I can also have the sound loop until I stop it. Let's choose to Start Automatically and Loop until Stopped. Pressing F5 begins our slide show and our music. [Music] If I return to Slide 1 by hitting Back and then pressing the Spacebar... [Music] This icon here also allows us to pause and resume the audio and change the volume. [Music] We can also use it to skip forward and back. [Music] However, the icon is a bit distracting.

I could move the icon somewhere less conspicuous or I can choose Hide During Show to make it invisible. [Music] If you would rather play music from your computer's built-in CD player, you can, but first we need to add the command to PowerPoint's toolbar. It's not available by default. You'll only have to do this next step once. Right click anywhere on the Ribbon and choose Customize Quick Access toolbar. In the dialog box that appears, pull down this menu and choose All Commands.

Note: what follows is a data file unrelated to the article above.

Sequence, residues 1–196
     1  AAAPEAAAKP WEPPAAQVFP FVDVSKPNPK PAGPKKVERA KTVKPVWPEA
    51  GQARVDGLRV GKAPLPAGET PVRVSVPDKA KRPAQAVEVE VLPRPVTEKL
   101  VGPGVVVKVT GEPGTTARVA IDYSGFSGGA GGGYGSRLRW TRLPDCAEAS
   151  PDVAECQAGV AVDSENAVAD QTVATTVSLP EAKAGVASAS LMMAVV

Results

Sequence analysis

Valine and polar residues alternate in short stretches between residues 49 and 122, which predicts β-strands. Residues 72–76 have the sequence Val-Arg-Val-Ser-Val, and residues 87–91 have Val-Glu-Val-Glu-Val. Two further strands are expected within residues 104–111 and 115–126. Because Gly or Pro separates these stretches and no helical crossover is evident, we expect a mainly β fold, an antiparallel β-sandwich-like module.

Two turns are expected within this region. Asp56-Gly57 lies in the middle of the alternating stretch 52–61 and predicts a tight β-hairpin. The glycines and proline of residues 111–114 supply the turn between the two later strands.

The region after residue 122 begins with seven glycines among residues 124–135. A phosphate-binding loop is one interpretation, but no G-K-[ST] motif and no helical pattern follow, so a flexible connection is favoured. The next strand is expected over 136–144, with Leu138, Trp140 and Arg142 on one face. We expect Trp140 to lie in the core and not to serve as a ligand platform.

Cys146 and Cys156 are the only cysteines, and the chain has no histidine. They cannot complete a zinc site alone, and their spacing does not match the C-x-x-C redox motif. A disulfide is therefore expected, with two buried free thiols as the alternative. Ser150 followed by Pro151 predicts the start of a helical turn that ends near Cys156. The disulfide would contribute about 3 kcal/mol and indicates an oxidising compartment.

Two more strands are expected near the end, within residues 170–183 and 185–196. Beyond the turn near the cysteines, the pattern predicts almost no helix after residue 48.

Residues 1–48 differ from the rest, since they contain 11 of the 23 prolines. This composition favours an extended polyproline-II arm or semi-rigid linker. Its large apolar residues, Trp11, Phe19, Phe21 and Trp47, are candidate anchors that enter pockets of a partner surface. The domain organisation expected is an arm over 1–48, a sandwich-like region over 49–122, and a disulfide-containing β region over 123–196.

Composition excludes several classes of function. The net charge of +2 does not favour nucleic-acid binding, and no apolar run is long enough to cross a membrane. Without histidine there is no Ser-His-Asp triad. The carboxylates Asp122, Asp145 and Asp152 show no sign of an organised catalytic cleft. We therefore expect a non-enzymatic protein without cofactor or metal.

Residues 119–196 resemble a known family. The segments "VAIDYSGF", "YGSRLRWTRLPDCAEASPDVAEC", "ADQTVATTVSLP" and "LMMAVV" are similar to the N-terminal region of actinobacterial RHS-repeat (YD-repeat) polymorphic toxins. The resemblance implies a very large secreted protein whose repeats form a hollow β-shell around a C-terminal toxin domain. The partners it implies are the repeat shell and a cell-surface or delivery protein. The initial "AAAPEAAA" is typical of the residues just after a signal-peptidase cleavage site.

Here we see every single command that PowerPoint has, many of which are hidden from us. We'll skip down to Play CD Audio Track and click Add, then OK, and now we have the new command here in our Quick Access toolbar. Again, you'll only need to do that once. Now that we have the command to play CDs in a slide show, we can click it and it starts with a dialog box asking us which tracks to start with and finish on. We can start on Track 1 and finish on Track 5, 5 minutes in.

We can loop the audio until stopped and hide the audio icon during the show. Now, we have an icon on our slide, much like the one we did before, with a special Ribbon tab called CD Audio tools. Just like before, we can set the CD to play automatically, loop until stopped, and other effects and volume controls. If you decide to remove audio from your presentation, it's as simple as deleting the icon that represents it. We'll select it and press Delete. And here's a quick tip. While running your show, tap Alt+P to pause and unpause your audio at any time.

And now we'll move on to tips and techniques that help us make the most of our technology.

Find answers to the most frequently asked questions about PowerPoint Tips and Tricks for Business Presentations.